Rainfall on 20 and 21Jan2016 in Kalimpong is 9.6mm and 3.4mm respectively.

Praful Rao
Kalimpong,
Dist Darjeeling


Thursday, January 14, 2016

Images from a fatal landslide in the Darjeeling - Sikkim Himalaya (14Jan2016)

Most, if not all landslides in the Darjeeling-Sikkim Himalaya are triggered by intense rainfall, as such I was surprised to be informed by a friend early this morning of a landslide at Bhotey Bhir, near Rangpo, when it has been bone dry all winter.
Rangpo is on NH10, just an hour's drive from my home in Kalimpong and the landslide had occurred on National Highway10 (formerly NH31A)  at approx 05.00AM IST after the BRO's heavy earth moving machinery had finished doing its work of widening the NH10. I was informed at that 4 vehicles were buried in the slide but there had been only one fatality.
Placed below are images of the area when I visited the scene of the landslide area.
The landslide (coordinates 27°09’49.6” N 088°31’55.5” E, elevation 286m)on Google Earth.
Long queues on NH10 as they await clearance of the landslide.
Close-up of the area with a vehicle stuck in the landslide.
Anxious onlookers at the scene of the landslide, awaiting news...
The trucker who survived - the driver of a truck which was caught in the slide but managed to escape.
And the one who did not - a lone fatality and the body of a driver of another truck is brought down from the slide area by volunteers.
Debris removal and search operations continue at the landslide site
View of landslide from opposite bank of the Teesta (one can judge the size of the landslide with reference to that of the truck)


While there are many major landslide zones in the Sikkim-Darjeeling Himalaya (and I am sure in the entire Himalayas as well), our experience has been that fatal landslides are increasingly occurring in areas outside these zones and the characteristic of these landslides are typically :-
a. They are small landslides (like today's landslide in Rangpo)
b. Though rainfall may have been a trigger, there is also a large human footprint in the cause of the landslide.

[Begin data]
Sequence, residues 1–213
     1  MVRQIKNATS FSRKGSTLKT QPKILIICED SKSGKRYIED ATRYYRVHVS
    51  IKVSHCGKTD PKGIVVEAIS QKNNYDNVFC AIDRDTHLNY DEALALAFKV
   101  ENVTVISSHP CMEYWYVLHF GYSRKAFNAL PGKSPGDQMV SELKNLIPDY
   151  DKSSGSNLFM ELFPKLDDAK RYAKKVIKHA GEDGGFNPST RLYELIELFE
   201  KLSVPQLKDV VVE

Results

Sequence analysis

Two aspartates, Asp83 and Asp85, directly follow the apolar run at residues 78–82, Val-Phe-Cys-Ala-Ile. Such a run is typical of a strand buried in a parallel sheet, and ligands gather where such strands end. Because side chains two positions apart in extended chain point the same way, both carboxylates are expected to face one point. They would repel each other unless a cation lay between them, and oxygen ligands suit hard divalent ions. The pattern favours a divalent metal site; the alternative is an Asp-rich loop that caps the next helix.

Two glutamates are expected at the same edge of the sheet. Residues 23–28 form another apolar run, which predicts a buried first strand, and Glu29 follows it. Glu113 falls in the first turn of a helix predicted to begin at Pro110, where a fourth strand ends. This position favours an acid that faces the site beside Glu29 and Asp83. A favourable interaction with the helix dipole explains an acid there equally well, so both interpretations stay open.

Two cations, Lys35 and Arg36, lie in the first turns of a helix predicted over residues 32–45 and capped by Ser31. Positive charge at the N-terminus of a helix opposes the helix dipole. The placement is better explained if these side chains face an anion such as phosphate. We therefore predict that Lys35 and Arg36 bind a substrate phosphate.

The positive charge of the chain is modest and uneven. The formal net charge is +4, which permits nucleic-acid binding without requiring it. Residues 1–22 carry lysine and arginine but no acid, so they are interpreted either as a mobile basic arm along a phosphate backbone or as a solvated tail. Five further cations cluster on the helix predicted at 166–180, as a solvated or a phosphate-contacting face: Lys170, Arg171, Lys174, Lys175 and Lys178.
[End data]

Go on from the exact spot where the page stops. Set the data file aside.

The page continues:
c. They occur randomly, in dense urban settings, in villages and so on and as such are difficult to predict or set up EW machinery.
d. Since human activity (such as unplanned development) is a trigger in these landslides, much can be done to control, manage and mitigate this type of fatal landslides - it is a different matter that nothing is being done.
e. They will therefore continue to cause fatalities.
You can read the media report here

Update on the above landslide
a. As per media reports the death toll in the above tragedy now stands at two with a second person succumbing to the injuries sustained.
b. Also, there were 5 vehicles buried in the debris and not 4, as earlier stated.
c. NH10 was declared open by the BRO at 1837hrs on 15Jan2016.

Praful Rao,
Kalimpong,
Dist Darjeeling

Wednesday, January 13, 2016

Why STH must prevail - GSI's new map of landslide prone areas in the country


GSI, the nodal body for landslides in the country has recently updated their website with a more graphic map of the landslide prone areas of the country. An excerpt of the information on the GSI website is placed below :-
'In India, about 0.42 million sq. km or 12.6% of land area, excluding snow covered area, is prone to landslide hazard. Out of this, 0.18 million sq. km falls in North East Himalaya, including Darjeeling and Sikkim Himalaya; 0.14 million sq. km falls in North West Himalaya (Uttarakhand, Himachal Pradesh and Jammu & Kashmir); 0.09 million sq. km in Western Ghats and Konkan hills (Tamil Nadu, Kerala, Karnataka, Goa and Maharashtra) and 0.01 million sq. km in Eastern Ghats of Aruku area in Andhra Pradesh. The landslide-prone Himalayan terrain also belongs to the maximum earthquake-prone zones (Zone-IV and V; BIS 2002) where earthquakes of Modified Mercalli intensity VIII to IX can occur, and thus, are also prone to earthquake-triggered landslides. The most recent example is the aftermath of 18 September 2011 Sikkim Earthquake in the Sikkim-Darjeeling Himalayas.'

Italics and map insertion are mine.
Praful Rao,
Kalimpong,
Dist Darjeeling

Wednesday, January 6, 2016

Vetiver grass for soil erosion control : our experience

Vetiver grass is native to south India being known also as Khus in other parts of India. Besides many other uses of the grass, STH became interested in it because of its use in slope protection and its almost magical ability to hold the soil together. In fact, the photo below demonstrates the legendary prowess of the plant's roots.
After researching vetiver grass's viability in this environment and also whether it was an invasive grass which would damage local varieties, we 'imported' 10,000 saplings from Kerala in May2011 and distributed it to NGOs in Darjeeling district while planting a large number in and around landslide prone areas in Kalimpong.
Four years after planting the grass, our experience with Vetiver has been disappointing (see photo below). Whereas the roots should have grown to lengths of 7'- 10', our variety has roots which barely measure 2" and the stalk too appears stunted. I have read that shady areas slows the growth of grass. 
I request anyone with experience in growing vetiver grass for slope protection and soil erosion control to offer comments.
Praful Rao